Monday, September 05, 2016

If you are a CIO, you better know your domain and industry, else …

For every industry regulatory compliance is a given with no exceptions; these are local to the enterprise home country or in the markets they operate in, and dependent on products and services. In such situations there is always a choice of vendors who offer solutions to solve the problem at hand. These vary from local providers who grow with the industry and tailor their offerings to evolving needs; and then there are global providers who offer deep and wide solutions for large enterprises.

The conversation started by stating the problem the industry was facing and how it was expected to impact revenue and profitability in the near term followed by the standard sales pitch on how they were better than competition and why the assembled companies should consider their solution. The audience comprising of potential customers represented by CIOs, IT teams and few business folks agreed with the problem statement in varying degrees based on their frame of reference and charted journey which was their reality.

We started working on the problem three years back with the Board endorsing the strategy and approving the investment. We have almost completed the project and are now auditing what we have done. We comply with current requirements and are ready for the upcoming regulations deadline. We welcome your team to review our current state of readiness and highlight lacunae if any so that we are sure of our status. Please ask your teams to get in touch with me so that we can work together on this initiative.

Our business operations are not very large in the markets that require compliance to upcoming regulation; they have scaled down a bit in the last year or so due to some issues. We did start a couple of years back and took a step by step approach to solving the problem; my colleague here leads the initiative. There are a few gaps in our current readiness and we would be happy to explore your offerings to evaluate the value proposition. Let’s connect back after a few weeks and take the discussion forward.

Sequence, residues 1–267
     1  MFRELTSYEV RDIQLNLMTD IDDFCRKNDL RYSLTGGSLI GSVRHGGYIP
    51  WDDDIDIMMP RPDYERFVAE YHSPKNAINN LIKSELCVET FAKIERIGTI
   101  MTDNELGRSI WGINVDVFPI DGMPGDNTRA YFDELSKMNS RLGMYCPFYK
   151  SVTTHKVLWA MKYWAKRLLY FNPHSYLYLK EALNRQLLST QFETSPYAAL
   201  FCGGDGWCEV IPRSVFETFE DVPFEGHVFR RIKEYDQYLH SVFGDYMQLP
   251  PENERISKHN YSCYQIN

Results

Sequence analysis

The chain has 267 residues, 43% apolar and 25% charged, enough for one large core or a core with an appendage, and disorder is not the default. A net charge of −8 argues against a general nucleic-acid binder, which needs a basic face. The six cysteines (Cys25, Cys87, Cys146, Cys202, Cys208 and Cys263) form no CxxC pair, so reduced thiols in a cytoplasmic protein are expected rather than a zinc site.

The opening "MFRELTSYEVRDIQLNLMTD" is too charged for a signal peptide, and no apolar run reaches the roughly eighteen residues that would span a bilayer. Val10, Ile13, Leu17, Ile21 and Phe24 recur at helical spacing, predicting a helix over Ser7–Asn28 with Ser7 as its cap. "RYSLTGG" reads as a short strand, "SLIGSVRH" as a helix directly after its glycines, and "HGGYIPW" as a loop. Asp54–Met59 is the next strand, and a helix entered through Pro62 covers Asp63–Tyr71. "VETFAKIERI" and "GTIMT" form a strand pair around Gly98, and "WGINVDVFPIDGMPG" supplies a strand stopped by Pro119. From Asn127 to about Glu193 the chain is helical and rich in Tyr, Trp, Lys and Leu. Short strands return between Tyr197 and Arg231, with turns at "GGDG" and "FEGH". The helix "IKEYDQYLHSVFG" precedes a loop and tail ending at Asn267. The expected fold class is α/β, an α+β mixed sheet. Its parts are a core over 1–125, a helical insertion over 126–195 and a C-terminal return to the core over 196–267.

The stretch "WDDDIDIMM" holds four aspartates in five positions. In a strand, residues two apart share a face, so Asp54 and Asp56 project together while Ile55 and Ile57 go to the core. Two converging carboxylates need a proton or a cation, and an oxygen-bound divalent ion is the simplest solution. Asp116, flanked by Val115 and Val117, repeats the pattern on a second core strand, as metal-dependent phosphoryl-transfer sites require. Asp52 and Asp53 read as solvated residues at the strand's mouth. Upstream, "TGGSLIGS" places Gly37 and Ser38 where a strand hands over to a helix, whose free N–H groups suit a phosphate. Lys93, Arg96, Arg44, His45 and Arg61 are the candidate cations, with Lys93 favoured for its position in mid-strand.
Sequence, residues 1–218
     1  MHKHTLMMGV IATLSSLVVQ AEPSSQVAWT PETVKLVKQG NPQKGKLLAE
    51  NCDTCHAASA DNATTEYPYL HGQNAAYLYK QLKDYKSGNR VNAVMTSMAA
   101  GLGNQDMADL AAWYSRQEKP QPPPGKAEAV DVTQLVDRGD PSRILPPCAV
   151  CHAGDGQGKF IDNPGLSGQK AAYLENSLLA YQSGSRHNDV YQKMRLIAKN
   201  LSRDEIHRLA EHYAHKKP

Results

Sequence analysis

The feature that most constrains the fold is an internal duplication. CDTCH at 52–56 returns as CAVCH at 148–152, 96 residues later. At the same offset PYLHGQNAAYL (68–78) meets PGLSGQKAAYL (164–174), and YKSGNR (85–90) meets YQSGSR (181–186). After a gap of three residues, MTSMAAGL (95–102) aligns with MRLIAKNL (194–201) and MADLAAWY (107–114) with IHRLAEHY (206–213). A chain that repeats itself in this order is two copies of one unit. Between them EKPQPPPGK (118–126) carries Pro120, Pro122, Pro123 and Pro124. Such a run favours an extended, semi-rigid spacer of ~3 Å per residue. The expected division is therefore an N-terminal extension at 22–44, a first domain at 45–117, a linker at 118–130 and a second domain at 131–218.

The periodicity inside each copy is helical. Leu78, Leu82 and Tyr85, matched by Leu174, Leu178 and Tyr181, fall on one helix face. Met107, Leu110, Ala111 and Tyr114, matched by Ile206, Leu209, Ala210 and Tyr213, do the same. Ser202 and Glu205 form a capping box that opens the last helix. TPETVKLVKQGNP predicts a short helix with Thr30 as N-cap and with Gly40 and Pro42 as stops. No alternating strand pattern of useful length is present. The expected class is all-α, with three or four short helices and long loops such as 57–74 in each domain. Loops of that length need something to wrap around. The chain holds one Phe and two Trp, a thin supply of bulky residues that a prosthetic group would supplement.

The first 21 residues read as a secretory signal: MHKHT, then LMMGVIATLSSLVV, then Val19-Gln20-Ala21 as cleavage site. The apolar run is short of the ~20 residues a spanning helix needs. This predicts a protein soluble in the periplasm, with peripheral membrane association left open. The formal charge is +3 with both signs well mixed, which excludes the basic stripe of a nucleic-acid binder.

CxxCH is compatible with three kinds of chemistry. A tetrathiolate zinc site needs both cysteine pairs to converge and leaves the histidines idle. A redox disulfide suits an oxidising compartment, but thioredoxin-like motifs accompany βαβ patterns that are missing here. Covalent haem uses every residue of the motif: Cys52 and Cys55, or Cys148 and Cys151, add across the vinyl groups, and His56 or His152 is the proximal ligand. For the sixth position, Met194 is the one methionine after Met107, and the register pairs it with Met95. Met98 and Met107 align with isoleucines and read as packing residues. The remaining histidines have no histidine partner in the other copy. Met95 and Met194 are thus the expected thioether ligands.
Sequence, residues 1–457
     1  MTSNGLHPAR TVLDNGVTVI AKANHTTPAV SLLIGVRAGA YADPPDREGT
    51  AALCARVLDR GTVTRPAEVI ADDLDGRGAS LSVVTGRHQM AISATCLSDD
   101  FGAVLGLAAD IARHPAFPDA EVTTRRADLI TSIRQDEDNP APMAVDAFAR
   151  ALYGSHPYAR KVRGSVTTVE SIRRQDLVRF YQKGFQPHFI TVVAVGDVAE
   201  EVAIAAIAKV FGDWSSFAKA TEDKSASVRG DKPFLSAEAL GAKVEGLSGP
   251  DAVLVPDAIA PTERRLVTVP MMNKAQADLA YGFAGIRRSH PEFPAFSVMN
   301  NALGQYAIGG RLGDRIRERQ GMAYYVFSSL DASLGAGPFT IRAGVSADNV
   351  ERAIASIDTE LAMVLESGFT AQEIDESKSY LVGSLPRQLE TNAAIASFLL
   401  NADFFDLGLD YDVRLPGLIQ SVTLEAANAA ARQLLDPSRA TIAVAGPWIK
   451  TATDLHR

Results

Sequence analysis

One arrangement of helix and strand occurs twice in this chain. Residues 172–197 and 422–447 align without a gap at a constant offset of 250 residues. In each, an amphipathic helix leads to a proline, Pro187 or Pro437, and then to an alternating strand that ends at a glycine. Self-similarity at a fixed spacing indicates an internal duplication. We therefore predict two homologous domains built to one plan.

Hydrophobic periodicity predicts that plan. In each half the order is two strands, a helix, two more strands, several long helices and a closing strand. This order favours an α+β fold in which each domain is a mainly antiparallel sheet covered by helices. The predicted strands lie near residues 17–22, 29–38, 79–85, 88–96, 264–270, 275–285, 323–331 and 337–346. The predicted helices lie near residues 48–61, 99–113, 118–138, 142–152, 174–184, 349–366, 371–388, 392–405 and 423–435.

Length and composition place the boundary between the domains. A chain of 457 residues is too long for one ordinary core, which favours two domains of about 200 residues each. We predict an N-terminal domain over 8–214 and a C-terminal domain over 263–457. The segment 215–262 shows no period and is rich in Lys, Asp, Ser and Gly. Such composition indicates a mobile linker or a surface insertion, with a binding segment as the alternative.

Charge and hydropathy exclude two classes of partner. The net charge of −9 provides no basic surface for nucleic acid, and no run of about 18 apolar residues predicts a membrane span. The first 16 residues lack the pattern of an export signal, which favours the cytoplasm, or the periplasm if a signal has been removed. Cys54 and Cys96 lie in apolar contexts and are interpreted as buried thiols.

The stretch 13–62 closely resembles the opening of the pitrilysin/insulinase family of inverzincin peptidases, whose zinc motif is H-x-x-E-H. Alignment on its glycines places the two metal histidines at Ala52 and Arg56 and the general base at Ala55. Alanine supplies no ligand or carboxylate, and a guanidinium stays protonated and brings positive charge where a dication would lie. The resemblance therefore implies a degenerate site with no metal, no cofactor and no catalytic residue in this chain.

Local vendors have given us the solution that complies with current requirements; they have offered to continuously develop the product based on evolving needs and deploy when we want it. Our Management has taken a decision not to deploy any solution until absolutely necessary. My team leader would know the exact status, I am not aware of the details; I will speak with them and revert on where we are in the journey. Once I have the status, I will reconnect if there is a need; in the meanwhile send me some information.

Three different perspectives from seasoned CIOs, each had spent over a decade in the industry; their respective companies were market leaders and competed fiercely with each other. Their journey towards compliance were spread across the spectrum with varied strategies and solutions – local and global. What was surprising though is their level of involvement, understanding, preparedness and attitude to critical business process that could adversely impact revenue, market share, and profitability.

The conversations also depict domain expertise and connect within the enterprise to the business and its challenges and opportunities. The first company is clearly a leader in usage of technology which the industry also hails. The second has experienced some trials and tribulations which has left the company losing market share, profitability and reputation. Progressively you will surmise that the last would be in the most disadvantageous position ! At least not at the moment, though their current stance may result in such a position.

Gigabytes have been written about the evolving CIO, role, opportunity in the digital world, CIO 3.0 and what have you ! CIOs have also been threatened by disruptions and the opinionated passing judgement on their future. The role has survived, evolved and many have thrived; unfortunately with the multi-dimensional nature of rising expectations, the numbers are beginning to dwindle. It is not that CIOs have lost touch or ability to make IT work, it is just that they are not in a position of influence when it comes to business.

Leaders are expected to not just make a difference internally but also be seen as beacons of light for others to follow; they need to shape opinions and outcomes for the industry while leading from the front. CIOs who achieve this are the ones that get written about in magazines, have case studies, and are seen in seminars and conferences on the dais, while the rest make up the audience. I believe that the true CIOs will continue to forge new paths while the rest of the industry will wait for early adopters to follow.

Where are you in the journey ?

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